By Ephraim Schwartz – Published in the Kiai Echo circa Winter 2003
It begins with the subtle reminders; “Don’t forget Camp South is coming up in a couple months., Mark your calendar.” Then one day an email allegedly containing an application form turns up from Prof. Hudson. A day or so later the real application form shows up with his apologies,. You look at it, sigh, wonder what to do. It’s three days out of your life. By now your Sensei is growing more persistent; “Camp South starts in less than a month, let’s get those registration forms in.” Finally the kazushi becomes brutal; “I want a show of hands. How many are going to Camp South?” Lots of hands. “How many of you have sent in your registration forms?” All hands drop.
That day you go home, peruse the registration form stuck under the refrigerator magnet. Well, you can’t beat the price. Then you think about last year’s food. Well, you still can’t beat the price. And then from somewhere deep inside you get an urge to fill out the form. In spite of all the chores you will have to put off, in spite of the friends you won’t see, the football, basketball games, the movies, the quality time spent with loved ones you’ll miss, you fill out the form. You get to the bottom, where the tee shirt thing is. By now every tee shirt you own is jujitsu related, you are a walking billboard for Danzan Ryu. Heck, how many tee shirts can you own? You order a size large because you know it’ll shrink or you’ll grow. Sign the check, mail it yourself so your significant other won’t know. Weeks go by and nothing happens. Maybe they cancelled camp. That’ll be less complicated anyway.
Then the map arrives. What is it about Danzan Ryu people and maps? It’s all fine to be considerate and let everyone try their hand but the bottom line is we need to arrive. North, South, East and West, these are not unimportant principles. OK, maybe it’s just me; my navigating/driving team lost the way and we arrived two hours late.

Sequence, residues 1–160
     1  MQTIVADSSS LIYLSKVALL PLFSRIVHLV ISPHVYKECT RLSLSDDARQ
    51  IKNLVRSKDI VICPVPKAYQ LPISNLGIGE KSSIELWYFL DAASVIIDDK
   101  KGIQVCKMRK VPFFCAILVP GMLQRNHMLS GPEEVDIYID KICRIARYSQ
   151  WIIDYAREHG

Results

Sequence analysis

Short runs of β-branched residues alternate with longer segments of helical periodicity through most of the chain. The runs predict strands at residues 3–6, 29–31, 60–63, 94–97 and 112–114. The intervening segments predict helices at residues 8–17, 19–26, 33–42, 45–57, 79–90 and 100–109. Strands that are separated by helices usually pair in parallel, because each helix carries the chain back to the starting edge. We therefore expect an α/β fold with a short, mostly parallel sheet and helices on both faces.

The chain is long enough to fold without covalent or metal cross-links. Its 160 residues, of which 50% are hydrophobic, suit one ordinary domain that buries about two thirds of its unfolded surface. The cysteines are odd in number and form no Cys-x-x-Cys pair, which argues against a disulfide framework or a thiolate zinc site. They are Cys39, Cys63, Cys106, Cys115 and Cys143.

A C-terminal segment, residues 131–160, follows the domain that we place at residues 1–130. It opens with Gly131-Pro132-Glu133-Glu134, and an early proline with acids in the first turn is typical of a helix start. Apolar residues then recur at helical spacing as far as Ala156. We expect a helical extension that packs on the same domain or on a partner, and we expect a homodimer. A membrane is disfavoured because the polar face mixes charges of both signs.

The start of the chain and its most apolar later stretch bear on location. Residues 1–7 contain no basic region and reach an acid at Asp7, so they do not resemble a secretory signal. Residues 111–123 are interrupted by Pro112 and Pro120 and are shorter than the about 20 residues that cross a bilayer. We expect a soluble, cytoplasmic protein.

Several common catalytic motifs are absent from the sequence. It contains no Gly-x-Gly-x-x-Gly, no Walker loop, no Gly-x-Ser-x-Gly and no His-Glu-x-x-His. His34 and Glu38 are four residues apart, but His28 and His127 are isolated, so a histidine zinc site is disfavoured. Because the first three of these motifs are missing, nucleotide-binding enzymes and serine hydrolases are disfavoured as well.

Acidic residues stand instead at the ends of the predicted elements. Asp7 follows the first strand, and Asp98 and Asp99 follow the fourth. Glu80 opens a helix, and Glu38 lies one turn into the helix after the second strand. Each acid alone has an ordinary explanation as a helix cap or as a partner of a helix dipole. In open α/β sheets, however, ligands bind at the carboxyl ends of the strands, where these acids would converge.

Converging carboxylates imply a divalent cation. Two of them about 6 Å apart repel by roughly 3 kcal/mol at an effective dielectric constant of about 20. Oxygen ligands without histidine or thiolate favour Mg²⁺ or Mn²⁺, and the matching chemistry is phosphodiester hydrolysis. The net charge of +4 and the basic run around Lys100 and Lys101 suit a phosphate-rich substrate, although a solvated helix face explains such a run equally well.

At the bottom of a mountain, the place was cold. It looked like a kid’s camp in deep freeze. A sign told us our dojo was up the hill in the Oak Lodge, or the Maple Lodge or some other deciduous place. Inside the bunks sagged under the weight of ten thousand former campers. As I laid out my sleeping bag I was wondering if I’d lost my mind. Classes were in session, you could tell by the lights shining from the corner of the building. I trudged down to the cafeteria to face cold squares of drying pizza. Wow, the food sure looked better than last year’s. And there was hot chocolate. That night I slept uncomfortably in my sleeping bag. It was dark, It was cold. There were people from other dojos snoring. I kept praying for enough quiet so I could get to my turn to snore. And then somehow it was six thirty on a Saturday morn.
The energy in the cafeteria was already on the upswing. Just a hundred people shuffling around in “gi”s is too amazing to ignore. (Yes, it’s true. This year there were over a hundred participants.) These people are some part of you. Crazy uncles and aunts to be sure but undeniably family. There were grins all around as we all said hi to people we hadn’t seen in a long while. In between gulps of egg-like food and heart healthy sausages (yeah, right) the lists of classes were being posted on the wall. Four mats, four different classes being taught at once. The thrill began to build. Yawara, Kicks and Strikes, Transitions, Shime. And look at the list of teachers! Prof. Robert Hudson, Prof. Tom Ball, Prof. Dennis Estes, Sensei Randy Schuster, Sensei Frank (“I Have Questions) Ferris, Sensei Tom Ryan, Sensei Ted Himmah, Sensei Kevin Colton, Sensei Tim Clepper, Sensei Griffin, Sensei Tim Merrill. I took a breath, remembered my Sensei’s advice; “pace yourself, you can’t do it all.” Ah, the heck with that advice, I can try at least.
Prof. Hudson opened session by reiterating the theme; Oku. Deeper. We were going to be examining principles. Looking through the techniques to the principles below. And it was a fabulous theme. Because every single teacher had a slightly different idea of where deeper is. We began with Yawara; a joint locks in a multiple of planes. Ouch! And off we go. Incredibly you look up to find your uke is a sandan. Doesn’t happen every day.